Different outcome in older children with acute lymphoblastic leukemia with different treatment protocols in the Netherlands
Pediatric Blood & Cancer , Volume 58 - Issue 1 p. 17- 22
Background: From 1991 until 2004 children with acute lymphoblastic leukemia (ALL) in the Netherlands were treated according to protocols ALL-8 and ALL-9 which were based on different principles. An earlier study showed that the outcome of adolescents highly differed on these protocols. Procedure: In this retrospective study, we analyzed whether the outcome of older children 10-15 years of age at diagnosis differed between the Berlin-Frankfurt-Münster (BFM)-based ALL-8 regimen and the ALL-9 regimen. Two hundred fifty-four older children who were treated according to protocol ALL-8 (n=82) or ALL-9 (n=172) were included in the analysis. Results: A higher 5-year event-free survival (EFS) rate was found for patients treated according to ALL-8 compared to ALL-9 (79±5% vs. 65±4%, P=0.02). Patient characteristics did not differ except for a slightly higher age in ALL-8. Therefore, additional analyses were done including only patients who were 12-15 years of age. In this age group there was also a difference in the 5-year EFS (82±5% vs. 61±5%, P=0.00) as well as in the 5-year overall survival rate; 89±4% compared to 68±5%, respectively (P=0.01). Major difference between protocols was the use of a consolidation and reinduction/intensification course and higher cumulative doses of asparaginase, methotrexate, and anthracyclines in ALL-8. Conclusions: Children 10-15 years of age have been undertreated with the ALL-9 regimen and benefit by intensive treatment components as used in ALL-8. We recommend using BFM-based protocols for these older children with ALL.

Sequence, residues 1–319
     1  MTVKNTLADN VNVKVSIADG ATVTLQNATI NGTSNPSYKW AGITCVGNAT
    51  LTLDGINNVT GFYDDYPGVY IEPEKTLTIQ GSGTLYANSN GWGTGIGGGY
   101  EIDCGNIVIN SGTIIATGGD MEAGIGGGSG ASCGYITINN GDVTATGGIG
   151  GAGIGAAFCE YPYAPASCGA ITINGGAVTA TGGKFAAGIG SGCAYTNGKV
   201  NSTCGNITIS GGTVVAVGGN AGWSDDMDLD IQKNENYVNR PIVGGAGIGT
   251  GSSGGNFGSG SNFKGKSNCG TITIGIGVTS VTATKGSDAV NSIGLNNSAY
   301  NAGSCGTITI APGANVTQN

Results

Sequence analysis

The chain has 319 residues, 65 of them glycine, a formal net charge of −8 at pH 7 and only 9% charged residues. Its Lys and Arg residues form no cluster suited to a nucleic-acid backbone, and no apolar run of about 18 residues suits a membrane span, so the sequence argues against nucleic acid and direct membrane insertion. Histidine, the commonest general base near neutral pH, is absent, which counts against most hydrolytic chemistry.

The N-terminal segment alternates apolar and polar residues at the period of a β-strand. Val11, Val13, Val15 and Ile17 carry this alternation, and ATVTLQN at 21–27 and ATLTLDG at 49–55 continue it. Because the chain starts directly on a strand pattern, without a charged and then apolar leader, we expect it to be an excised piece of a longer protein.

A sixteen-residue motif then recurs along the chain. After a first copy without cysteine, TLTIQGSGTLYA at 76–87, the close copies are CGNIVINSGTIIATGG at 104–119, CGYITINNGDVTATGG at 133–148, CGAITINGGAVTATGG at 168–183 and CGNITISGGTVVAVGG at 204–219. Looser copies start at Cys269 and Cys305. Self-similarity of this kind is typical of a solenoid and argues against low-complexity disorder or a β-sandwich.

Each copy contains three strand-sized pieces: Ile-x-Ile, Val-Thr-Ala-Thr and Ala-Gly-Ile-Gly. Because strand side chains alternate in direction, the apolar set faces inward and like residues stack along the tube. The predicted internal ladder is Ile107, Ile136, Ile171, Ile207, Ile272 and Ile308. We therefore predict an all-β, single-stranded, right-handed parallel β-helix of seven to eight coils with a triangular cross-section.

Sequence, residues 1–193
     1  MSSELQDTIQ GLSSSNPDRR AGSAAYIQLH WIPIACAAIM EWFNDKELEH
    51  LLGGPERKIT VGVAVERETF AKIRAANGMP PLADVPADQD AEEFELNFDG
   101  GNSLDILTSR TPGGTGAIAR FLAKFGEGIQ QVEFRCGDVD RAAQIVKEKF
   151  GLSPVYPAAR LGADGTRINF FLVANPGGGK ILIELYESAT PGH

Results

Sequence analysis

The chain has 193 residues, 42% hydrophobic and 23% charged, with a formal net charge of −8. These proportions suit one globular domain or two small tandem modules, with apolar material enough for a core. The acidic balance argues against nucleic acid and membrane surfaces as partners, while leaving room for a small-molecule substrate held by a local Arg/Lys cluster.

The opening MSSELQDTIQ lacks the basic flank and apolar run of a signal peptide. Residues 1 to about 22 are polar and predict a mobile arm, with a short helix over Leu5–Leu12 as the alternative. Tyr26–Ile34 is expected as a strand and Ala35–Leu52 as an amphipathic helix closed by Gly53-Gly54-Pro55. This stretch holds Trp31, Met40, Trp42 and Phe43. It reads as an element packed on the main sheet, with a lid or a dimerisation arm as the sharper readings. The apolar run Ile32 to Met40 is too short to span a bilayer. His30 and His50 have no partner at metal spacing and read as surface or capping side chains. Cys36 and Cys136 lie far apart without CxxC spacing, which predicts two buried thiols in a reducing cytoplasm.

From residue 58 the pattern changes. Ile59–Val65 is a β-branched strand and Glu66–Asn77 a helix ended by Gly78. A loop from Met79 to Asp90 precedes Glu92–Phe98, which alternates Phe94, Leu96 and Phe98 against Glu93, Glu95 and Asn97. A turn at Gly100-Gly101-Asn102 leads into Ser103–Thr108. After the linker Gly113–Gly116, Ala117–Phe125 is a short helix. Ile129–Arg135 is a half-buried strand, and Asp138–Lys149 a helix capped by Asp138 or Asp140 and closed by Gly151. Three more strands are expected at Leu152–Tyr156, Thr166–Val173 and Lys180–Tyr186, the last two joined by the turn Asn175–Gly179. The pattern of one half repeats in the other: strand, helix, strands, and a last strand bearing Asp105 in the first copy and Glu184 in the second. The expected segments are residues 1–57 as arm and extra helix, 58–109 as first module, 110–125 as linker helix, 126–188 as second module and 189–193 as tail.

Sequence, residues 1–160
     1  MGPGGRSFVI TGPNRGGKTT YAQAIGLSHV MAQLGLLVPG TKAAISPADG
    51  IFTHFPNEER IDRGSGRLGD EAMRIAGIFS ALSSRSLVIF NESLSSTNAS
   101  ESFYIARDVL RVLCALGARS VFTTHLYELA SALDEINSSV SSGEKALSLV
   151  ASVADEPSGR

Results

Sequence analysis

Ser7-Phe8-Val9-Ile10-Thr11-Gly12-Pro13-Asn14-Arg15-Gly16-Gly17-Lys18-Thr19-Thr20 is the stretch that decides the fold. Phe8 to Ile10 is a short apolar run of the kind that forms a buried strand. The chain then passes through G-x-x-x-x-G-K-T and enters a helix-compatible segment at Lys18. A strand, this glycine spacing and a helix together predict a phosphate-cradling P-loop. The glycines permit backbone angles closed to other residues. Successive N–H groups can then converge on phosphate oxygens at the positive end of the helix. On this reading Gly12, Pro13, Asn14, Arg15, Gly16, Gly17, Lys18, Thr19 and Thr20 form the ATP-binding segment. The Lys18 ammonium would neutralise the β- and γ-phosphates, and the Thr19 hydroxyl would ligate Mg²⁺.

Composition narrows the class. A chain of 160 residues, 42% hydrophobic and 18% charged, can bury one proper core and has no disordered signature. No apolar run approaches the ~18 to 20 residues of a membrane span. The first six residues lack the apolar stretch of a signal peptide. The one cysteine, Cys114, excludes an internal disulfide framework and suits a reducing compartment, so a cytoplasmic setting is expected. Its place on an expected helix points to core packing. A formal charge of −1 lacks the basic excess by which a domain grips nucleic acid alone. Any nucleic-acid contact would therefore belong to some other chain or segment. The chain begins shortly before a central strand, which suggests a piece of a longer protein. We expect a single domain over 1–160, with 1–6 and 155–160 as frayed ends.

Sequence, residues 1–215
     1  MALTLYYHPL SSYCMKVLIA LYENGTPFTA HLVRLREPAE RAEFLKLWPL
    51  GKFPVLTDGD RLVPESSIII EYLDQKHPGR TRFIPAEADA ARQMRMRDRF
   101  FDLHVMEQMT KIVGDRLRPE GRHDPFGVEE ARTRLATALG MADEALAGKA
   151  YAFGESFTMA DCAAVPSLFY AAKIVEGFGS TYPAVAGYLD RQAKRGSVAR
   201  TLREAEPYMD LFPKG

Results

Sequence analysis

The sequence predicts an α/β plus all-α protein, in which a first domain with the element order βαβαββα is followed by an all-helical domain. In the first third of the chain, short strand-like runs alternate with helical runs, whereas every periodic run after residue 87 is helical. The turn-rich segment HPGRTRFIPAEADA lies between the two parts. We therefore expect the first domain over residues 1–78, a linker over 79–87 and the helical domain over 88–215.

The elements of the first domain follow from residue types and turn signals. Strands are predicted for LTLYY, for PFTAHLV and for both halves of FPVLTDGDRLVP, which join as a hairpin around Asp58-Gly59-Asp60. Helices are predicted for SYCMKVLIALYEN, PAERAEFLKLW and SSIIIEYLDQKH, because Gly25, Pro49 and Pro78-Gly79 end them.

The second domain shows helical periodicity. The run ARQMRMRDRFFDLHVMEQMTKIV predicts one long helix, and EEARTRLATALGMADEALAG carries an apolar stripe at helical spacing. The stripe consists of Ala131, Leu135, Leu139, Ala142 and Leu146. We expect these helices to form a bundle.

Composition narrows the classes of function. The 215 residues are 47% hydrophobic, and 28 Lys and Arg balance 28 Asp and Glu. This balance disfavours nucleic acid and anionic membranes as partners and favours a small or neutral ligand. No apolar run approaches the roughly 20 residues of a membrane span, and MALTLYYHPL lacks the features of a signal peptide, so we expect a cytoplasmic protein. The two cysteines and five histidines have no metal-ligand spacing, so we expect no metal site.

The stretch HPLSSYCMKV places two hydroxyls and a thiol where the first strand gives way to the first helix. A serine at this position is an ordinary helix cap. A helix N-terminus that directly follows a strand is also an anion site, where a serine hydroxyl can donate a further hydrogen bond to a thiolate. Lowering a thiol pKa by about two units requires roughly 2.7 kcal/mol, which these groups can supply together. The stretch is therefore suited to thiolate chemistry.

|Pediatric Blood & Cancer|
|Organisation||Erasmus MC: University Medical Center Rotterdam|
Boudestein, K, Kamps, W.A, Veerman, A.J.P, & Pieters, R. (2012). Different outcome in older children with acute lymphoblastic leukemia with different treatment protocols in the Netherlands. Pediatric Blood & Cancer, 58(1), 17–22. doi:10.1002/pbc.22962